One Glorious Day in 1969 – American Memory of the Space Race

Americans have a very fond recollection of the cold war space race. It has become one of the defining features of many parts of American popular culture, politics and ideology. It is one of the few occasions that a majority of the population had been untied for and working towards a common goal. There are a few main ways that American national identity can be seen to be intimately tied to and shaped by the cold war space race;

In Film


Film has been a great representation of the way that the memory of the cold war space race has bolstered American national identity. Most films depicting the Cold War space race in serious terms often have very similar motifs and symbolism. Both depict the space race as an enormous collective effort of patriotic Americans. Most will focus on the astronauts as main characters, but will include numerous characters of support roles, to stress the enormous collective effort of the program. Most are uplifting patriotic fare, with strong emphasis on the ‘American-ness’ of the program as a crucial factor for the success of the program.

For Political Ends

Political use of the space race began as soon as there was a space program. President Kennedy was perhaps the first to use the language of the space race for political purposes. Kennedy was perhaps the first to stress the importance of the space race to the nation, remarking that, “In a very real sense, it will not be one man going to the moon – if we make this judgement affirmatively, it will be an entire nation. For all of us must work to put him there.”

Since then it has been used by any number of politicians within America. The two that I have found to be most illustrative of the trend of the space race memory within American popular culture would be President George W. Bush and Congressman Bill Posey. Both have used expansions in the space program as electoral assurances, promising boosted space programs. President Bush promised the development of the constellation program, and Posey promises to lobby to reinvigorate the space program of his electorate, the Florida ‘Space Coast.’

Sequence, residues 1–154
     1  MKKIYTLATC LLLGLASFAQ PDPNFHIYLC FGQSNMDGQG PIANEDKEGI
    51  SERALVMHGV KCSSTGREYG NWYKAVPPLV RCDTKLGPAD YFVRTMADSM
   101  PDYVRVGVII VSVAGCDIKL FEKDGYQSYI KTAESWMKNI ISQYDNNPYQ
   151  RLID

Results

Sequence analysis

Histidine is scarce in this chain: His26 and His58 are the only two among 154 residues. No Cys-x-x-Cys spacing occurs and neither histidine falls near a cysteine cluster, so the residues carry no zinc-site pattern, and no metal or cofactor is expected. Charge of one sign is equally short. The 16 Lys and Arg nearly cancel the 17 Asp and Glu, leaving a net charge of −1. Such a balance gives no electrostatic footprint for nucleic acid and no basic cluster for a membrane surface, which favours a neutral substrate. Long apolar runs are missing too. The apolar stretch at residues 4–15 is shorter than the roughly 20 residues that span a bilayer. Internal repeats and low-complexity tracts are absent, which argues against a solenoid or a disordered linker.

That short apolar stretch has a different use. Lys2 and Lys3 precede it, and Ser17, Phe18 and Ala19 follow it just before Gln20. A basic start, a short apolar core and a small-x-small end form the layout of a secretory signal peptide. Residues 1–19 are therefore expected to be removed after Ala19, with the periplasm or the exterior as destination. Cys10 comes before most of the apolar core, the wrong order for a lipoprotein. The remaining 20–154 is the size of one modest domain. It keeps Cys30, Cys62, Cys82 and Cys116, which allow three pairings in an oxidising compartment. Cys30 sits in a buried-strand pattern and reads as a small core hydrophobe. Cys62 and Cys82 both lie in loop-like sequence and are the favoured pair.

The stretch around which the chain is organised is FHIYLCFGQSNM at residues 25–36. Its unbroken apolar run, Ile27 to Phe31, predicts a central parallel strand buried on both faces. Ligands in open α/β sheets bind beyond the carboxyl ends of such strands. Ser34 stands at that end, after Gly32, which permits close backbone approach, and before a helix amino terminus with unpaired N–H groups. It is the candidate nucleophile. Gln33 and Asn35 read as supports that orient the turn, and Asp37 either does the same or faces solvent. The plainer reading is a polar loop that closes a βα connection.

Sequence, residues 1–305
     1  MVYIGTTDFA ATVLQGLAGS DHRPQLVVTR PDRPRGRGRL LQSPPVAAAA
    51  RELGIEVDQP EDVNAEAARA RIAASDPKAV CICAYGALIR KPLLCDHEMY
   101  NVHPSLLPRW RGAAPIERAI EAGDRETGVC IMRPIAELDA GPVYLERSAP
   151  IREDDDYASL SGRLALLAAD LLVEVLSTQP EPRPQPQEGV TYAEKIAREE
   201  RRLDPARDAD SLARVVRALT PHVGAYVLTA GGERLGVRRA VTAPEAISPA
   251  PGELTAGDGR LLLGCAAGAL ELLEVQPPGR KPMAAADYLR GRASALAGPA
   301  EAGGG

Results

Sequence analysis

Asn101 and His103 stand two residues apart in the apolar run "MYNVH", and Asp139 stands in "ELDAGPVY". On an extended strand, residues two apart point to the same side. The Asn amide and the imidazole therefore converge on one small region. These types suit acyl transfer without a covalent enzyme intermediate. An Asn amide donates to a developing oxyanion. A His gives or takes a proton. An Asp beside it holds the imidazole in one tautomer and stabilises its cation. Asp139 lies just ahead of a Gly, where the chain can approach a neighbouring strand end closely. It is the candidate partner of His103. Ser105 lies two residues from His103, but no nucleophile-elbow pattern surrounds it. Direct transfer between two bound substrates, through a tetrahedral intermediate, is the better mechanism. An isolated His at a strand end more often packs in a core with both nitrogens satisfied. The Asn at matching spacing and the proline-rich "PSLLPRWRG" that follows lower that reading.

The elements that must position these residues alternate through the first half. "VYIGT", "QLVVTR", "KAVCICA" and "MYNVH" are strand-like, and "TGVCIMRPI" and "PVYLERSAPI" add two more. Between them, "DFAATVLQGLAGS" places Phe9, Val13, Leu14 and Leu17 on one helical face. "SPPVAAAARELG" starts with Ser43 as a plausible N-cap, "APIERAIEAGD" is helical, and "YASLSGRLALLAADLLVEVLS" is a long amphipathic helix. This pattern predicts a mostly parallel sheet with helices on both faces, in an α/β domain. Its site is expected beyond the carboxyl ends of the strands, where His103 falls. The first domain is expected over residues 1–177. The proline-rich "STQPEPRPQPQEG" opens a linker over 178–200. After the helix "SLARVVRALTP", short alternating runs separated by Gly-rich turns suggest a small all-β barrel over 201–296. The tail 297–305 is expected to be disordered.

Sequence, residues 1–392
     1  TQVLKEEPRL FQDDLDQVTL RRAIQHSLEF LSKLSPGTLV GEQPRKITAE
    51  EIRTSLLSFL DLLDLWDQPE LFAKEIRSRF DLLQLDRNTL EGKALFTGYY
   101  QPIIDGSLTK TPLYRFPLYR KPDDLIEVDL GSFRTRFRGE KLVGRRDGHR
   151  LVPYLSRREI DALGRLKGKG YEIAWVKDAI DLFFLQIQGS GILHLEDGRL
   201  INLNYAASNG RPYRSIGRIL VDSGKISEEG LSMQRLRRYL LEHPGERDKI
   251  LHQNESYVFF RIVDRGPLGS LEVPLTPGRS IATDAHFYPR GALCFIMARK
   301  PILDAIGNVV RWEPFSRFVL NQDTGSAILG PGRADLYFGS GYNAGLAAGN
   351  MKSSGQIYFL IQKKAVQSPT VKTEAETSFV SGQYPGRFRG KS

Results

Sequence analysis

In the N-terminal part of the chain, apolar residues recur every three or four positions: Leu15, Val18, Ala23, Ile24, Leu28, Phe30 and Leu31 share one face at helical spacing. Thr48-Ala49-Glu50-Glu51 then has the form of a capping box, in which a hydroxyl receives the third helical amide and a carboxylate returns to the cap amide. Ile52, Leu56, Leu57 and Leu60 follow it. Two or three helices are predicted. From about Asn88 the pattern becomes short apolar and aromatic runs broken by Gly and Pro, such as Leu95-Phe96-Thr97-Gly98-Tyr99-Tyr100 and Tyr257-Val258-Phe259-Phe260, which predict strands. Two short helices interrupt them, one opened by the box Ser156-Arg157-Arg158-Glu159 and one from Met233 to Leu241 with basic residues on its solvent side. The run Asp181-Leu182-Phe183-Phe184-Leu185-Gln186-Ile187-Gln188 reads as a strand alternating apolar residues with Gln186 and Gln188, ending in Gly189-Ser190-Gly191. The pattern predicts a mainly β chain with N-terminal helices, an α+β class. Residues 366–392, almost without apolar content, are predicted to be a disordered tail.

As Evidence Of Ideological Superiority


American successes in the space race have often been taken as a yard stick for measuring ideological superiority between itself and the USSR. The Apollo period was the first time where the United States was able to beat the USSR to a space milestone. The USSR was the first to have a satellite into orbit in 1957, and followed with a string of successes that beat the Americans at every turn. The USSR were also the first to place an animal into orbit in 1958, First man in space in 1961, first woman/civilian in space 1963, first space-walk in 1965, first Robot on a celestial body in 1970 and the first space station in 1971. This has led to the Apollo space race taking a pre-eminent position in the minds of most Americans, becoming a huge part of their national identity. This can be found in any other part of my research, from the characterisation of the Russians in most space race films to the way that politicians are able to call upon the space race as a means to garner political support. What is also interesting is that the first picture that emerges upon a Google search for ideological superiority is a photograph of a footprint on the lunar surface, the photo on the left, above. This is a great shorthand example of how enmeshed the Apollo space race has become to not only American national identity, but a something larger.

Death of Neil Armstrong


With the death of Neil Armstrong in August of this year, the Apollo space race has once again become a prominent feature in the media. Armstrong represented the culmination of the Apollo space program. Armstrong himself has come to represent the Apollo program and the space race in general. He was chosen by NASA officials for his humble personality as well as his skill as a pilot and engineering background. Armstrong was always insistent that his role was always a very small cog in a very large machine. Armstrong withdrew from public life after the Apollo 11 mission, taking a position teaching engineering. These factors, combined with his status as a civilian pilot has led to the memory of the man as the emissary of the entire United States population, a physical representative of the entire population, representing the three main faces of the Space program; the enormous civilian support, the military pilots and equipment, and the enormous engineering processes involved.